Wendy Smith captured the headlines last fall, when she became the first skydiver to take the highest free fall during Everest Skydive 2008. A very talented photographer and an experienced skydiver, Wendy, this year, is on the team of Everest Skydive 2009.
She was here in Nepal, recently to plan for the upcoming event. Explore Himalaya had the opportunity to ask her a few questions after she was back from her short trip to Pokhara. The interview was conducted on 23rd March at Explore Himalaya, Kathmandu.
Wendy with EH Team( IT & Business Development)
Q. How was Pokhara?
Wendy Smith: Very nice.
Q. What all activities did you indulge in while you were there?
WS: We flew up to Pokhara and the first thing we did was we met the guide. Then we started doing the trek to Dhampus. We arrived in the afternoon, just in time because a big storm came. We stayed the evening in Dhampus and I did some small walks around this area. We stayed there the evening and we climbed a little bit higher to see the sunset and it was a little bit cloudy and bit grey after the storm and very, very cold. The next morning we woke up at 5:30 and we went up, almost another 500m to see the sunrise coming on the mountains and it was clear. We could see all of the peaks facing Pokhara. It was very beautiful. Then we trekked 3 hrs back down to the village, on the other side of Dhampus, to take a shuttle back down to Pokhara. When we came back to Pokhara we went to check for some locations possible for parachuting drop zones, places that could be made suitable for landing on parachute. It was nice to see such an active paragliding club up there, very nice and just to see the general layout of the town and the people and the sports available. Pokhara is really calm and it’s very beautiful. Very nice place, and very clean, there’s no pollution!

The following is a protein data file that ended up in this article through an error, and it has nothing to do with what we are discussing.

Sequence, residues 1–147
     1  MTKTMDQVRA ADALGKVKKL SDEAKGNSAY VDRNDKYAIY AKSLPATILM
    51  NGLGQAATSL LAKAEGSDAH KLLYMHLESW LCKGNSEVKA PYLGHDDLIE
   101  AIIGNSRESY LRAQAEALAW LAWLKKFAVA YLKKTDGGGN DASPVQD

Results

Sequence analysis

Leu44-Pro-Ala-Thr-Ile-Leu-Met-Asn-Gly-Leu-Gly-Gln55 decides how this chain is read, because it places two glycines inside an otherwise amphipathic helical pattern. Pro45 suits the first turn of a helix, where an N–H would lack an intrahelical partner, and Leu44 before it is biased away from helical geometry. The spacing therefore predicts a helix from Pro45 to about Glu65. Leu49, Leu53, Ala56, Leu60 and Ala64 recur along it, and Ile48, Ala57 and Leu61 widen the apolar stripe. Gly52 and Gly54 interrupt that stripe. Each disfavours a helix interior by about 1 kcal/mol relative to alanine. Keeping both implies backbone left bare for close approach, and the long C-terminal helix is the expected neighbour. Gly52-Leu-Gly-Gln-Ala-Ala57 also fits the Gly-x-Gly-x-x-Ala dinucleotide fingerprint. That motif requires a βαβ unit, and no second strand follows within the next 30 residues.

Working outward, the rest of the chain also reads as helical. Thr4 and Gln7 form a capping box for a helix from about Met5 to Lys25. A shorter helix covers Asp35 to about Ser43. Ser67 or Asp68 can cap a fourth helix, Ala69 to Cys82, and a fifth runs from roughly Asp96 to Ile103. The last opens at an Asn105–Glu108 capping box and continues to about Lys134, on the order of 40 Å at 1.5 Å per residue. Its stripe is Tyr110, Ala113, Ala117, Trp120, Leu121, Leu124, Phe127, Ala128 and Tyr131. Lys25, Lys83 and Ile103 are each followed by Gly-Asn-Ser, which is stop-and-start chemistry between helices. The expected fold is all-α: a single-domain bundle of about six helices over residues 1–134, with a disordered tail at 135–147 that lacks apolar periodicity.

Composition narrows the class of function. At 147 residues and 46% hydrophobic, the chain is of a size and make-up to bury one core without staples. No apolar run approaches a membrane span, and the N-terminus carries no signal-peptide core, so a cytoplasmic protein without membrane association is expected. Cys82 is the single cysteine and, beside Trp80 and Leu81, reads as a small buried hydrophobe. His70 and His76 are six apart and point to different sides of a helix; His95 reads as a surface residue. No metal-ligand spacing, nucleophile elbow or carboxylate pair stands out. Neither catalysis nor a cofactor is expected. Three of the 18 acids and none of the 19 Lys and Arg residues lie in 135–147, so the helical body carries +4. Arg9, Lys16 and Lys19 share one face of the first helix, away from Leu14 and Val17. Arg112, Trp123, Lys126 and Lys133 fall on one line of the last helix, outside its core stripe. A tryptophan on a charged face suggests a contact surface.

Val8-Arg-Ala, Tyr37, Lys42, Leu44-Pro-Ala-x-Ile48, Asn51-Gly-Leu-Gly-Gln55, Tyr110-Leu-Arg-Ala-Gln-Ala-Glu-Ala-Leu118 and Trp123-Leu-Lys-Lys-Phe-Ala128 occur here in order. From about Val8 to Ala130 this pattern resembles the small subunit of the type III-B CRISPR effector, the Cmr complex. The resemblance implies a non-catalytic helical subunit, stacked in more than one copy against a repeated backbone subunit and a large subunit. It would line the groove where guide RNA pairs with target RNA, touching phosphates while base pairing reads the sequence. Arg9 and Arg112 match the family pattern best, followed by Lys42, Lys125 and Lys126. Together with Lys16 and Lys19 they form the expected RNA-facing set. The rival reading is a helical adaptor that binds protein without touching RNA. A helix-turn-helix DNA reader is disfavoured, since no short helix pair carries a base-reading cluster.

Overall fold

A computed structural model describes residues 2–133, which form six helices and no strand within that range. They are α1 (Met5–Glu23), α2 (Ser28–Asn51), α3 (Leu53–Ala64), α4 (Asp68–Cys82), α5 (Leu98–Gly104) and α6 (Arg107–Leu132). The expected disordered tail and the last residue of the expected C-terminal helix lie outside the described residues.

Q. How did you get into skydiving?
WS: When I was seventeen years old, I did my first skydive in New Zealand. I always loved flying since I was a little girl on the farm. I grew up on a farm in New Zealand. I used to go flying with the agricultural pilots, when they were fertilizing the crops in their helicopters.
Q. Where exactly in New Zealand?
WS: Up in the mountains, in the middle of the North Island, in sheep and cattle country. I grew up with the nature, the big nature and learning to be in the aircraft and above the land was wonderful for me .When I was seventeen, I had the chance to train to do my first round parachute jump. I tried it and I loved it.
Q. How many jumps have you made?
WS: I have made nearly 18,000 jumps so far.
Q. Is that the highest number of jumps made by a woman skydiver?
WS: I probably may have the highest number of jumps. Maybe, I think there is one another American woman skydiver who has that many jumps. But she does accuracy, which means she doesn’t free fall a lot. Most of my jumps are high free fall.
Q. How was Everest Skydive 2008 ?
WS: It was exhilarating. It was so overwhelming, so stunning! But there were so many things to take care of, the equipment, the oxygen, cameras, cold, and aircraft. It was very, very technically interesting and I was very pleased at the technical influence. Our equipment was wonderful, our pilots were wonderful, the air to ground and ground to air crew were all wonderful. I mean this is so important. This is just not one thing but everything that made the event successful.
Q. You are now in the team of ESD 2009.How do you think this event will turn out to be like?
WS: I think from 2008 we have opened a lot of people’s eyes in the world about what we achieved and now they know we have actually achieved it safely. Now more and more people are gonna try it. Not only will they be able to achieve an amazing skydive but they will also learn so much about this amazing area. It’s a very humbling environment.
Q. Other then skydiving and photography, what are your other interests?
WS: I love all sports. I love water sports, skiing; I love animals and horse riding. I have been riding horses since I was three or four years old. I used to ride my horse to school. I love trekking and climbing in the mountains. Yeah, I love being outdoors, but I really love climbing and mountains and the nature.
Q. How would you like to be known as, a photographer or a skydiver?
WS: Well I am both. I am unusual because I am an aerial cinematographer and one of the only women in the world who shoots films and collects cinematography for such a wide collection of disciplines and sports.
We work with the motto "Tourism for Development". Explore Himalaya Community Service Project was conceived to empower underprivileged segments of Nepal.